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V.I. Should Feel Outer Fringes of Frances' Fury

Aug. 31, 2004 –– Hurricane Frances' speed – it's now moving west at close to 15 mph – should help keep it from wobbling south toward St. Thomas and St. John, meteorologist Brian Seeley at the National Weather Service in San Juan, said Tuesday.
"It would have to do something very unlikely," he said.
This is good news for Virgin Islands residents who have spent the last several days worrying that Hurricane Frances would make a direct hit. Instead, residents should feel only the very outer fringes.
Seeley expects the storm to be centered 130 to 150 miles northeast of St. Thomas and St. John at 8 a.m. By noon, it should be 130 to 150 miles due north.
Wind velocities are expected to range between 25 to 40 mph, with gusts running anywhere from 40 to even 60 mph.
"It's going to be very close whether you get tropical storm force winds," Seeley said.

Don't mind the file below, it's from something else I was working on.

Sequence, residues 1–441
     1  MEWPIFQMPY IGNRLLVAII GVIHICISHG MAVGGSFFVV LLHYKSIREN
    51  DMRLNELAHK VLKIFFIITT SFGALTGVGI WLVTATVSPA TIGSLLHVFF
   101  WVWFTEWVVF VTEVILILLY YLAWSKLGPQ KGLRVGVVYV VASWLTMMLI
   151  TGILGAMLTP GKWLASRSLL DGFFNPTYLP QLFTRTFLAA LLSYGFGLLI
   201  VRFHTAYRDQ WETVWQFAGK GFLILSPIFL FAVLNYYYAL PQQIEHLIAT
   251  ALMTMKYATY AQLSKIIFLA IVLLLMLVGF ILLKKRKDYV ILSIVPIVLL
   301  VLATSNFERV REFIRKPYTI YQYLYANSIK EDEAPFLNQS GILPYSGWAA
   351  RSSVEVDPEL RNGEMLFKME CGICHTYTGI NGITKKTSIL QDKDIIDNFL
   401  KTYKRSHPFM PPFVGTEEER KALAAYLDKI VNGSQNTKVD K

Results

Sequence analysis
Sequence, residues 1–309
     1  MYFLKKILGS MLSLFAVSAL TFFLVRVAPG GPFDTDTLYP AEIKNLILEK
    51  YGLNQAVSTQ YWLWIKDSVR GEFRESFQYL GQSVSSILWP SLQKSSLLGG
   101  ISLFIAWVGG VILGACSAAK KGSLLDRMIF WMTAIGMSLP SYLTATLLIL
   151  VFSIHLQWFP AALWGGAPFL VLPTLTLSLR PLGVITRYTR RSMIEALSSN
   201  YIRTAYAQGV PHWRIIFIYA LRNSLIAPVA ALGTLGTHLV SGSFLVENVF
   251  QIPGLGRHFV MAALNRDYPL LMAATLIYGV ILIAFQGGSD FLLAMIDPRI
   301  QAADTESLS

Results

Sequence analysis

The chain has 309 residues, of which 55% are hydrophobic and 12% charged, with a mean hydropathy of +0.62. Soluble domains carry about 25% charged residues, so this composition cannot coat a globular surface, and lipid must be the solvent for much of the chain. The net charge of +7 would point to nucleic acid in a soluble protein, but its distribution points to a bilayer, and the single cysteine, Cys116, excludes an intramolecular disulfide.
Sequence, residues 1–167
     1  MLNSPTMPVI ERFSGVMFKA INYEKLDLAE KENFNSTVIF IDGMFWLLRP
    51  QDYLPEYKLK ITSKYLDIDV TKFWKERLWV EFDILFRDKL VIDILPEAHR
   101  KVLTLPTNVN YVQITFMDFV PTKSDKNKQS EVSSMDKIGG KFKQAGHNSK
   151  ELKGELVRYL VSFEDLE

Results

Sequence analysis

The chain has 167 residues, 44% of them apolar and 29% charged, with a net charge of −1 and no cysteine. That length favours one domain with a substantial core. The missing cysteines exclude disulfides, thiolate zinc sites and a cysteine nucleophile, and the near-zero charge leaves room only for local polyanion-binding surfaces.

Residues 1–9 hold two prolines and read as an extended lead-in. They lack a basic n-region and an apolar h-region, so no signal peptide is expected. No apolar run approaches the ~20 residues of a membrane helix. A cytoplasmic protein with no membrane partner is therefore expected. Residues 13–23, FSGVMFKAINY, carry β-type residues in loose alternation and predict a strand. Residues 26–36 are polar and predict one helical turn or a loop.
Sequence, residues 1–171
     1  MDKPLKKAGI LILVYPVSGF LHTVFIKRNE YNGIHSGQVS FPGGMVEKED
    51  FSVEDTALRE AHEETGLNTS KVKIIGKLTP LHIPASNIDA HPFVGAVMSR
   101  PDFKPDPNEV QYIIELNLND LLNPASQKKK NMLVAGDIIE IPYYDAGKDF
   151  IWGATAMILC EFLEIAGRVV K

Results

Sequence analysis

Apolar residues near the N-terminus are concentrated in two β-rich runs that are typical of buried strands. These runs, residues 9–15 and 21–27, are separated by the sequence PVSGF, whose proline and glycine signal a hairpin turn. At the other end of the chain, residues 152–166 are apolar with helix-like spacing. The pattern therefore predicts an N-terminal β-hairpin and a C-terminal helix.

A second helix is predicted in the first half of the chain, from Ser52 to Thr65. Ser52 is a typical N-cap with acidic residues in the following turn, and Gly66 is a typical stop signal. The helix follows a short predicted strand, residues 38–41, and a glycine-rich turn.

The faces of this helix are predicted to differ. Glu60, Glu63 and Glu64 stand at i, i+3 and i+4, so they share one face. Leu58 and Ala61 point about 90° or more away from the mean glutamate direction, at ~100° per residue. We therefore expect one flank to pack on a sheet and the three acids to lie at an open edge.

A tropical storm has winds that range from 39 to 73 mph.
Seeley said the afternoon should see the worst of the rain as Hurricane Frances' tail passes through the area.
He expects anywhere from one to two inches to fall throughout the day, with some areas getting a total of four inches.
Seeley said the hurricane appears to be in an intensification mode. At 5 a.m. Tuesday, the wind speed was 125 mph with gusts hitting 155 mph. This makes it a Category 3 hurricane.
Hurricane Frances is centered at 19.9 degrees north latitude and 62.8 degrees west longitude. At 5 a.m., this put it about 125 miles north of St. Maarten.
The pressure stands at 949 millibars or 28.01 inches.
Tropical storm force winds extend outward 175 miles from the center, with hurricane force winds reaching 70 miles from the center.
At 6 a.m., Seeley said Anegada in the British Virgin Islands was feeling the outer bands. At the same time, a rain squall blew through Coral Bay, St. John and the north side of St. Thomas
A tropical storm warning remains in effect for St. Thomas, St. John and the British Virgin Islands. St. Croix is on a tropical storm watch.
Hurricane Frances, which at one point reached Category 4 status, is expected to strengthen again as it heads for the Bahamas and the southeast coast of the United States.

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